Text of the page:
Things I was doing at 19: working at a department store part-time and attending college classes toward my journalism major.
Things I was not doing: amassing 159,000 followers on Instagram, creating my own streetwear line, dropping my second album, joining with the ACLU in the trans bathroom case, and walking in New York and London fashion week shows.
That’s just some of what the remarkable young women I met Monday at the School of Doodle have on their resumes.
School of Doodle is officially a “space for girl/gender nonconforming artists and activists looking to change the world.” Their motto is “DIY for world domination,” or as Molly Logan, the cofounder, put it to me: “Tell a girl that she matters and that you will pay her for her ideas.”
Three members of the school gave a group of professionals from the Fast Company Innovation Festival (all of us millennials and gen-Xers) an insight into exactly how they are changing the world with their creativity.
Hunter Schafer, 18, is a trans rights activist and model. She shared her coming out story and challenged our notions of public perception vs. self identification. Here’s something she’s already figured out that took me years to: “Our binary world is not sustainable. Gender is a construct, not a foundational. We are on the brink of a transformative change.”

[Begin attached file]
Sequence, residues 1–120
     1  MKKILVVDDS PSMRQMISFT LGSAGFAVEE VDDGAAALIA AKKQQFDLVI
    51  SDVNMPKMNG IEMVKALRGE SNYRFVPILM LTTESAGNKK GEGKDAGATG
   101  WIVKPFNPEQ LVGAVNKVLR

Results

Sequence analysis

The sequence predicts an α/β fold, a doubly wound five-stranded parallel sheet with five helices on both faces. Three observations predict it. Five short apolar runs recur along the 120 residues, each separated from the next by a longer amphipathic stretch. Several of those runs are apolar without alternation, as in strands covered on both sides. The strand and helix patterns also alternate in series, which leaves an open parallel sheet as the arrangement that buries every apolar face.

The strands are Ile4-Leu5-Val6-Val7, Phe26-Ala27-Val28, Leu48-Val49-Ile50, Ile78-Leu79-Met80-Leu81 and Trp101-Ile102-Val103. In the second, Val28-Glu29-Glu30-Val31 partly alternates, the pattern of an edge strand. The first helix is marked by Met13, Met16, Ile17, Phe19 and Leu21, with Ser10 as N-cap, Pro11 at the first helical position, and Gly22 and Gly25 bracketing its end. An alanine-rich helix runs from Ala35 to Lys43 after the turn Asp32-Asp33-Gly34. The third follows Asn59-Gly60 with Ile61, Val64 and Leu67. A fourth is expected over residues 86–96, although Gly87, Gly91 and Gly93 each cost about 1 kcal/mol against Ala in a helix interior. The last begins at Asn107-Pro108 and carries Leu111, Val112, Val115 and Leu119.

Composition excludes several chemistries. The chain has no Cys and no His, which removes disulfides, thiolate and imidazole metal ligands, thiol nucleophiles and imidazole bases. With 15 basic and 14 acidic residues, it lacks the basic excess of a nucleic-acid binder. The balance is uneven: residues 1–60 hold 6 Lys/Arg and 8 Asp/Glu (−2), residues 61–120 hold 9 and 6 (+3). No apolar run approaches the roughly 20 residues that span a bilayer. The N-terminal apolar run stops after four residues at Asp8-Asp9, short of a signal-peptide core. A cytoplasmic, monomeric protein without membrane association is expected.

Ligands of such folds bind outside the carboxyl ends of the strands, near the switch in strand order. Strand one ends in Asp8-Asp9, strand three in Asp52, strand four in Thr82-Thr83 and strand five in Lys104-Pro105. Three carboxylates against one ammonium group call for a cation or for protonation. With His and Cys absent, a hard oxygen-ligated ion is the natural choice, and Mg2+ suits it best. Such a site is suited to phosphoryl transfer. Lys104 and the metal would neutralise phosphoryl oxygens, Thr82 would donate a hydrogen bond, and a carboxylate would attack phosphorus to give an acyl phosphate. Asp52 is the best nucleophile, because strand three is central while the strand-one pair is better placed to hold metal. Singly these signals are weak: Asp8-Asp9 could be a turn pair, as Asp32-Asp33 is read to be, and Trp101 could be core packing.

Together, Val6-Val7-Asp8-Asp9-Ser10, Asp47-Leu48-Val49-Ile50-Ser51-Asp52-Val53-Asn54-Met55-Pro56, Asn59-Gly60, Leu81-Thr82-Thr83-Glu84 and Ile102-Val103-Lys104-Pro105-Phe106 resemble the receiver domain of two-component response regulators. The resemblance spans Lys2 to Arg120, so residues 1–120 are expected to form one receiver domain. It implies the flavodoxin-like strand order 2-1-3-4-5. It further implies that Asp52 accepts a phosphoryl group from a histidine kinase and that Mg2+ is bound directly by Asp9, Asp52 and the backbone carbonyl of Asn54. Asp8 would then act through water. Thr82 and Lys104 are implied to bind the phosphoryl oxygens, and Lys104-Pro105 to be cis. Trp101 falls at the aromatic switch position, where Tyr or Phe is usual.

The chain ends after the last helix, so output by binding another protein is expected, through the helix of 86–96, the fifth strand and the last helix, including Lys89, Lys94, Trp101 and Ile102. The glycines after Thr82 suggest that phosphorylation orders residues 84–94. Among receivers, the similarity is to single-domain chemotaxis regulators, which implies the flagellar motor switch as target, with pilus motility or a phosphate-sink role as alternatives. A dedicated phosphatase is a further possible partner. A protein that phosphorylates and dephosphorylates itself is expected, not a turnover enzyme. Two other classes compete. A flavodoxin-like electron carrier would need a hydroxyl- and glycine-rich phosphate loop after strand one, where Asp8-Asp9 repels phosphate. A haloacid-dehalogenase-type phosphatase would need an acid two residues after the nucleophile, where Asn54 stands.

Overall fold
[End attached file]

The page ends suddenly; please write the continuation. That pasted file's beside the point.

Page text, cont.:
Dounia is in her early 20s and identifies herself as a “social media influencer.” She’s garnered her hundreds of thousands of followers by, as she says, “not cultivating a persona,” something that Instagram stars typically do. For her, success in fashion, social media, and music comes from being unconventional and authentic. She’s been in the pages of magazines like Teen Vogue but doesn’t view mainstream validation as crucial.
Arianna Gil is founder of the high-end streetwear line/feminist skate group Brujas (featured in Vogue, GQ Style, and the New York Times), and, like the other two women, social justice is at the core of her identity as both a consumer and a creator. She can smell disingenuousness from brands a mile away and helped a collection of professionals at our workshop troubleshoot how brands can respond to a PR crisis in ways that turn teens into advocates instead of detractors.
In short, here’s what matters to gen Z, according to Hunter, Dounia, and Arianna: authenticity, transparency, and individuality.
Want to know more? School of Doodle published their first-ever “Irregular Report” Tuesday. It’s a trend report on gen Z created completely by School of Doodle’s global community of more than 10,000 young women. As Logan calls it, “it’s Teen Vogue meets Pew–if you want to know about gen Z, just ask them.”
Yes, these three young women made me feel like it has taken me decades too long to accomplish anything noteworthy, but they also made me feel hopeful. If these three are an example of what gen Z will do, we are in good hands.